Plugging the Gap
Something we can use across all Azure resources in Policy is fields. One of the fields we can use is the tag on a resource. So, what we can do here is report compliance status to the Azure Policy dashboard not based on the actual compliance status of the resource, but based on whether or not it has a certain tag applied to it – that is to say, a resource can be deemed compliant or non-compliant based on whether or not it has a tag of a certain value – then, we can use something out of band to evaluate the resources compliance and apply the compliance tag. Pretty cunning huh?
So I’m going to show you how we built out this idea for a customer. In this first part, you’re going to get the high-level view of how it hangs together, and in the second part I will share with you the actual scripts, policies, and other delicious little nuggets so you can build out a demo yourself should it be something you want to have a play with. Bear in mind the following things when using all this danger I am placing in your hands:
- This was not built to scale, more as a POC, however,
- This idea would be fine for handling a mid-sized Azure environment
- This concept is now being built out using Azure Functions (as it should be)
- Roll-your-own error handling and logging, the examples I will provide will contain none
- Don't rely on 100% event-based compliance evaluation (I'll explain why in part 2)
- I'm giving you just enough IP to be dangerous, be a Good Consultant
Here’s a breakdown of how the solution hangs together. The example below will more or less translate to the future Functions based version, we’ll just scribble out a couple bits, add a couple bits in.
So, from the diagram above, here’s the high-level view what’s going on:
1. Event Grid forwards events to a webhook hanging off a PowerShell Runbook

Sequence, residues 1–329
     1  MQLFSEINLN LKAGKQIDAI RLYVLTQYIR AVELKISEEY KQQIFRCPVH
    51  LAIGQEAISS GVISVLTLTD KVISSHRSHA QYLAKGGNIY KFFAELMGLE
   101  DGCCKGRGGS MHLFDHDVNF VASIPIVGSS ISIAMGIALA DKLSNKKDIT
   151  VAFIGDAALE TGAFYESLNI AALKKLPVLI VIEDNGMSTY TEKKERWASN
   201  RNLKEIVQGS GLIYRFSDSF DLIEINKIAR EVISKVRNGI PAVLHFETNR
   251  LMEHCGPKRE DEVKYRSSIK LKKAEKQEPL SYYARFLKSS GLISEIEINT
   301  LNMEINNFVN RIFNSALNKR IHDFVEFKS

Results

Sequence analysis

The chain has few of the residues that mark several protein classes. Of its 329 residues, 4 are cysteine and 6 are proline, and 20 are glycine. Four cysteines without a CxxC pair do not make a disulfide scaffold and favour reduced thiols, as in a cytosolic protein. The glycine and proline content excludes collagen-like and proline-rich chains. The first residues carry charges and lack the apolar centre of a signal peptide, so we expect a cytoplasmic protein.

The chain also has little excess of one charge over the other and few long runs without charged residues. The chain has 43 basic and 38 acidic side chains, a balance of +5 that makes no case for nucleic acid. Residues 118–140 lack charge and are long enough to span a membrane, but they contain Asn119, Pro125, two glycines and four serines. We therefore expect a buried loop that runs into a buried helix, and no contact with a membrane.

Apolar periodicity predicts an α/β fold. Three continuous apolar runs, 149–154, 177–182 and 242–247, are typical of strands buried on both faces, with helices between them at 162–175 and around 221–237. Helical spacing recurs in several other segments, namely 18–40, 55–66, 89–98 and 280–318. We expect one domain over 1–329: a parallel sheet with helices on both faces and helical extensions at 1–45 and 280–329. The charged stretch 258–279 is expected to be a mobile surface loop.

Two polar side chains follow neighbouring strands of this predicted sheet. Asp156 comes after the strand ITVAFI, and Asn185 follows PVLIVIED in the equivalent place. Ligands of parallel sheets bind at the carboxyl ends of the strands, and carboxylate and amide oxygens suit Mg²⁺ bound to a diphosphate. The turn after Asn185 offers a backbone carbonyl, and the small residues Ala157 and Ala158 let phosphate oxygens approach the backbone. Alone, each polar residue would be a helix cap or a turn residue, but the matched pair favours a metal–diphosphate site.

2. The PowerShell Runbook executes a script which evaluates the resource forwarded in the webhook data, and applies, removes, or modifies a tag accordingly. Separately, a similar PowerShell runbook fires on a schedule. The schedule-based script contains the same evaluations as the event drive one, but rather than evaluate an individual resource, it will evaluate all of them.
3. Azure Policy evaluates resources for compliance, and reports on it. In our case, compliance is simply the presence of a tag of a particular value.
Now, that might already be enough for many of you guys to build out something like this on your own, which is great! If you are that person, you’re probably going to come up with a bunch of extra bits I wouldn’t have thought about because you’re working from a (more-or-less) blank idea. For others, you’re going to want some gnarly config and scripts so you can plug that stuff into your own environment, tweak it up, and customise it to fit your own lab – for you guys, see you soon for part two!
Telstra Purple has been building out a bunch of stuff recently in Azure Policy, using both complex native policies, and ideas such as the one I’ve detailed here. If your organisation is looking at Azure Policy and you think it might be a good fit for your business, by all means, reach out for a chat. We love talking about this stuff.